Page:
Romako painted a large number of landscape scenes (for example from the Bad Gastein), influenced by the Barbizon school, but is known mostly for his portraits and historical scenes. His early works display the influence of Biedermeier realism, while the late works are painted in a nervous expressionist style which disturbed his contemporaries. More than a decade passed before his works were reconsidered and appreciated.

Nowadays Romako is seen as one of the most interesting and trailblazing artists of the "Ringstraßenepoche" era. He was impressed by the young Oscar Kokoschka and had a great influence on his work. Many paintings of Anton Romako are shown in the Belvedere gallery in Vienna.

His famous portrait of empress Elisabeth, showing her eccentric personality, was generally rejected at the time. His best-known work, the portrait of Admiral Wilhelm von Tegetthoff during the naval Battle of Lissa, shows the admiral and a few sailors without the usual heroism at the moment when his ship Ferdinand Max is going to ram an Italian flagship.

List of works[edit]

  • Die Eitelkeit - Porträt seiner Brau Sophie Köbel (Salzburg, Residenzgalerie), around 1860, oil on canvas, 124 x 91 cm
  • Fischerknabe am Meeresstrand (Fisherboy at seashore) (Wien, Österreichische Galerie), around 1873–75, oil on wood, 90 x 70 cm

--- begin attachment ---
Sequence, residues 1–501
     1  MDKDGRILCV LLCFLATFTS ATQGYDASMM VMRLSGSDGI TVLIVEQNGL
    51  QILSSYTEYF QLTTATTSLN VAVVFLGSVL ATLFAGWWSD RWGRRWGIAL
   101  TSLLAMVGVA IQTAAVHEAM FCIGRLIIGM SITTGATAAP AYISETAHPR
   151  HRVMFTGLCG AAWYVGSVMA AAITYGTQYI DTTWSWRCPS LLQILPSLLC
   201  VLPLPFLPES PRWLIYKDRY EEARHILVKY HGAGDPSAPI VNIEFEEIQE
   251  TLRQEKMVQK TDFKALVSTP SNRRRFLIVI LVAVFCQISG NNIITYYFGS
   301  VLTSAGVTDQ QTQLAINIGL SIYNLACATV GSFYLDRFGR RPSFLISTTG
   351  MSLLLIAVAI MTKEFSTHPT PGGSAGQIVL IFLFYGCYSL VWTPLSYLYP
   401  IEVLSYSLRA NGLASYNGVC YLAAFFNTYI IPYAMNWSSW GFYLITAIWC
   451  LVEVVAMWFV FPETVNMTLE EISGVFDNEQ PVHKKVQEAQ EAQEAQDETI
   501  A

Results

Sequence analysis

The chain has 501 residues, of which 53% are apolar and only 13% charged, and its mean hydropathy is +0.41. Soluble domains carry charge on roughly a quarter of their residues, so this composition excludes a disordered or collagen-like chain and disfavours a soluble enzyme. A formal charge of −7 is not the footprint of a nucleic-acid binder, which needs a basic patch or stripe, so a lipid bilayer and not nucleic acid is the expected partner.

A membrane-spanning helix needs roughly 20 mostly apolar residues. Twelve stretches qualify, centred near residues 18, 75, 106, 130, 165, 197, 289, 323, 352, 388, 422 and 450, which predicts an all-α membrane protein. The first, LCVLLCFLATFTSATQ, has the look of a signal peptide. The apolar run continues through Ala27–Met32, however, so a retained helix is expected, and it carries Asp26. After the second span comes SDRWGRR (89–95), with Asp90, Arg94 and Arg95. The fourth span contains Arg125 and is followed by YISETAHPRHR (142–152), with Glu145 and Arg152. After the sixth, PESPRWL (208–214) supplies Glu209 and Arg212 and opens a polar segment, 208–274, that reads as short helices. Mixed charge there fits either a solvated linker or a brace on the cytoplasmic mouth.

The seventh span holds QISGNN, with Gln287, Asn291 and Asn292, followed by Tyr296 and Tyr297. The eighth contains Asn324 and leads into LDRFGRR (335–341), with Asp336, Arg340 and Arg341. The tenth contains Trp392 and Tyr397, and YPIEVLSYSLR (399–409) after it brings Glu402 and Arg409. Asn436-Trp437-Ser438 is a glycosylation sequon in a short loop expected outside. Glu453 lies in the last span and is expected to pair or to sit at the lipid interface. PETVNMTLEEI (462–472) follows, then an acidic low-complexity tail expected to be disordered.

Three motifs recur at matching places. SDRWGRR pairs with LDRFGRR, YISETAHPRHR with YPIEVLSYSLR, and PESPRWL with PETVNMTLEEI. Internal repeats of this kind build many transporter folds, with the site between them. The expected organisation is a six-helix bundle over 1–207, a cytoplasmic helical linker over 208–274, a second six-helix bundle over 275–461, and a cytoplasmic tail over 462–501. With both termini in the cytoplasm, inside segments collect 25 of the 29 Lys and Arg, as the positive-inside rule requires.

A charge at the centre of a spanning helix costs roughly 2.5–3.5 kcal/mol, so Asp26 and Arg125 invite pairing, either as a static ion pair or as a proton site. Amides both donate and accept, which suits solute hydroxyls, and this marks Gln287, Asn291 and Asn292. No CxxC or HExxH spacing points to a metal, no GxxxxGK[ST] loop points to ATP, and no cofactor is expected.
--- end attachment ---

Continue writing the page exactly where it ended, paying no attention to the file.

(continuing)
• Mädchen mit Kaninchen (Girl with a rabbit) (St. Pölten, Niederösterreichisches Landesmuseum), about 1877, oil on canvas, 72,7 x 60,6 cm
  • Admiral Tegethoff in der Seeschlacht bei Lissa (Admiral Tegethoff at the 1866 naval battle of Lissa) (Wien, Österreichische Galerie), 1878–80, oil on wood, 110 x 82 cm
  • Am Wasserfall (At the waterfall) (Wien, Leopold Museum), 1881, oil on canvas, 89,3 x 63 cm
  • Kaiserin Elisabeth (Empress Elisabeth) (Wien, Österreichische Galerie), 1883
  • Die Rosenpflückerin (Wien, Österreichische Galerie), 1883, oil on canvas, 89 x 66 cm
  • Mutter und Kind (private collection), 1883, oil on canvas, 161 x 130 cm
  • Junge Frau vor Bildstock (private collection), 1883, oil on wood, 54,4 x 45,5 cm
  • Südfranzösische/Bretonische Bäuerin (Graz, Landesmuseum Joanneum), 1884, oil on canvas, 50,5 x 38,5 cm
  • Mädchen, einen Fink anlockend (St. Pölten, Niederösterreichisches Landesmuseum), around 1884/85, oil on wood, 45,2 x 28 cm
  • Bildnis Isabella Reisser (Wien, Leopold Museum), 1885, oil on canvas, 130.5 x 90 cm
  • Herr und Dame im Salon (Museen der Stadt Wien), 1887, oil on wood
  • Dame in rotem Kleid (Wien, Österreichische Galerie), 1889, oil on canvas
  • Portrait of August Wassermann (Budapest,Museum of Fine Arts)
  • Girl on a Swing (Olga von Wassermann) (Northampton, MA, USA, Smith College Museum of Art), ca. 1882, oil on canvas, 160 x 122 cm
S.M.S. Erzherzog Ferdinand Max coin inspired by a painting of Anton Romako.


  1. ^ "City of Vienna". Archived from the original on 2018-07-08. Retrieved 2018-07-07.
  2. ^ Blackshaw, Gemma. "Rediscovering Anton Romako". Austrian Studies. 16: 105–122.
  3. ^ Blackshaw, Gemma. "Rediscovering Anton Romako". Austrian Studies. 105: 115.
  4. ^ Foradini, Flavia (January 16, 2015). "The Other Gurlitt". Retrieved 10 January 2022.

Further reading[edit]

  • Blackshaw, Gemma (2008)."Rediscovering Anton Romako", in From "Ausgleich to "Jahrhundertwende": Literature and Culture, 1867–1890, Austrian Studies, vol. 16: 105–122.
  • Esau, Erika (1985). Anton Romako's portraits and the beginnings of Modernism in Vienna, (PhD diss., Bryn Mawr College), Ann Arbor, Michigan.

External links[edit]